Tuesday, October 16, 2012

Google has always been about choice

There is considerable interest and concern about the dominance of Google. While is it is true that they are everywhere, on the computer, on the phone, crawling the World Wide Web and collecting terabytes of content, they have always been mindful of choice. They are now the subject of an FTC investigation for antitrust on two fronts. One for Google's alleged anti-competitive use of patents to ban certain products from the US market and second, for their dominance in search.

What follows is a letter I wrote to the FTC in response to the threats that these investigations pose:


I have read in the news that you're considering an antitrust investigation into Google for their use of patents to ban certain products from market. While most of the news concerning FTC antitrust investigations of Google centered on search, it is only today that I learned that your department is considering an investigation of the alleged abuse of patents by Google.

With regard to Google's dominance of search, I think it is worth considering that it is nearly impossible to eliminate the competition in search. While FairSearch complains that Google is dominant in the search industry, they miss an important point: If I want to use a different search engine, I can. As long as robots can crawl websites, anyone can build a robot to crawl websites, compile the results and make them available in a search engine.

It is important to note the loose alliance between Microsoft and FairSearch. Microsoft has an undeniable interest in gaining access to Google search algorithms. If access to Google search algorithms were to be made public, Microsoft would argue that since it is not dominant in search, that it should not be required to disclose Microsoft search algorithms. This entire campaign is designed to keep Google on the defensive through attacks from proxies like FairSearch.

With regard to your pending patent investigation, it should be noted that Microsoft has sought and secured patent license agreements with every Android manufacturer except one, Motorola Mobility. Microsoft and Nokia are working with a third party, MOSAID, to extract licensing fees from Android and Linux developers. This is well documented in litigation Microsoft initiated against Barnes and Noble - B&N has since settled with Microsoft. When 2 or more companies work together to eliminate competition through anti-competitive practices, such as patent trolling, isn't that a basis for antitrust investigation? 

Microsoft, Nokia, Oracle, and Apple are all giants in the tech industry. Google is the upstart and is the target of a concerted series of legal attacks against Android and Google in general. They are all using patents, a form of regulation, to mitigate or neutralize the competitive threat that is Google. Microsoft has already been convicted of using their industry dominance to eliminate choices in computer operating systems. Apple is poised to do the same. Nokia is losing market share due to some very poor management decisions. Oracle is dominant in the database industry and seems somewhat unhappy that it missed an opportunity to create a smartphone operating system. All of them are relatively old companies and have found that "when you're young, you innovate, when you're old, you litigate" in the tech industry. They are all litigating against Google/Android.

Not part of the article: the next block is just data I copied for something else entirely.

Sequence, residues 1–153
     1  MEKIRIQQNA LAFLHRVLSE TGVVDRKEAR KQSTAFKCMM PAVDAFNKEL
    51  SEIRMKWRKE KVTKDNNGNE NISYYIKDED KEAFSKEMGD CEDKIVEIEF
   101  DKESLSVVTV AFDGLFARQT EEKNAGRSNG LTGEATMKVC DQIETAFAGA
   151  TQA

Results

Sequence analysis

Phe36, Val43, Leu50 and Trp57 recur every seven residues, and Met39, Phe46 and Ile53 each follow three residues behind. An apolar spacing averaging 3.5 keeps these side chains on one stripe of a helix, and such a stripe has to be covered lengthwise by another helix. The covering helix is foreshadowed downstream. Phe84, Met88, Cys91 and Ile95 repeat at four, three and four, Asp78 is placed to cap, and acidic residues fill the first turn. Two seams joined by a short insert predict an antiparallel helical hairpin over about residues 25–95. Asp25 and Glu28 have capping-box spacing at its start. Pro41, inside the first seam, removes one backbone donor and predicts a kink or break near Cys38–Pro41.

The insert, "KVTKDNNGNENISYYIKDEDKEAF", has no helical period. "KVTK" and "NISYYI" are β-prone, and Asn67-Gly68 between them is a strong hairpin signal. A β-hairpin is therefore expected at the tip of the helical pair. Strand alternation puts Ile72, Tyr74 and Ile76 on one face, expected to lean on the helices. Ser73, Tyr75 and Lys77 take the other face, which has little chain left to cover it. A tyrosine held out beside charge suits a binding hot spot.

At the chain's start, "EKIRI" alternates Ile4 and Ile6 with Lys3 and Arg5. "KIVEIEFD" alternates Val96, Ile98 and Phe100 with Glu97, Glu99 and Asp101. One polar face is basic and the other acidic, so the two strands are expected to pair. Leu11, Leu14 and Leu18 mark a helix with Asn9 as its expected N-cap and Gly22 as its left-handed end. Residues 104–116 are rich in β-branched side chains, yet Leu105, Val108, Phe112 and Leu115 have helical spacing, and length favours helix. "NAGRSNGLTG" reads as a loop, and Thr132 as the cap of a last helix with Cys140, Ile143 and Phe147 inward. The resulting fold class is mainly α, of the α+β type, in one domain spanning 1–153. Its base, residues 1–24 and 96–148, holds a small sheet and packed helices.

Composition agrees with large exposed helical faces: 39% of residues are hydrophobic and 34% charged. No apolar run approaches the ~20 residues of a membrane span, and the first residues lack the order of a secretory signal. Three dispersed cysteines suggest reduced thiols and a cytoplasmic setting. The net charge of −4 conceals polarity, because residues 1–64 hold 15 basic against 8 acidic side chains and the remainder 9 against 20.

Google doesn't need to use patents to compete. Google has only used patents defensively and will retaliate against those who use patents against Google. A casual observation of the Motorola Mobility litigation will show that Motorola Mobility litigation has only been targeted at those who initiated litigation against Android or Google. Google doesn't care which operating system I use on my computer. Microsoft, Nokia, Oracle and Apple all seem very concerned that I might decide to use Android or Linux on my computer or smartphone. They have all chosen to exercise litigation rather than innovation as a means of competing against Android and Linux. 

I think that the apparent collusion between all the major industry players working against Google is a far more worthy target of investigation for antitrust concerns than anything that Google is doing. Google is agnostic about which device or which operating system we use to search. Google only wants to make it easier to use Google search, no matter how we do it. My experience after trying Bing, Yahoo and even Alta Vista, is that Google search offers the best search experience I have ever found. Google supports open standards better than any other company. Open standards promote competition. When Google uses open standards, open source software and leverages openness to compete, that is no crime.

I urge you to reconsider your investigations of Google and instead, investigate all of the companies that are litigating against Google. Are they communicating with each other? Are they timing their lawsuits with each other? What do they have to gain, collectively, against Google? Is is fair for a group of companies to gang up on Google for competitive advantage?

These are questions I urge to you consider before you launch an investigation or any lawsuit against Google.

Thank you.

Scott Dunn

[End of email to FTC]

So, what do you think? Did Google break antitrust laws?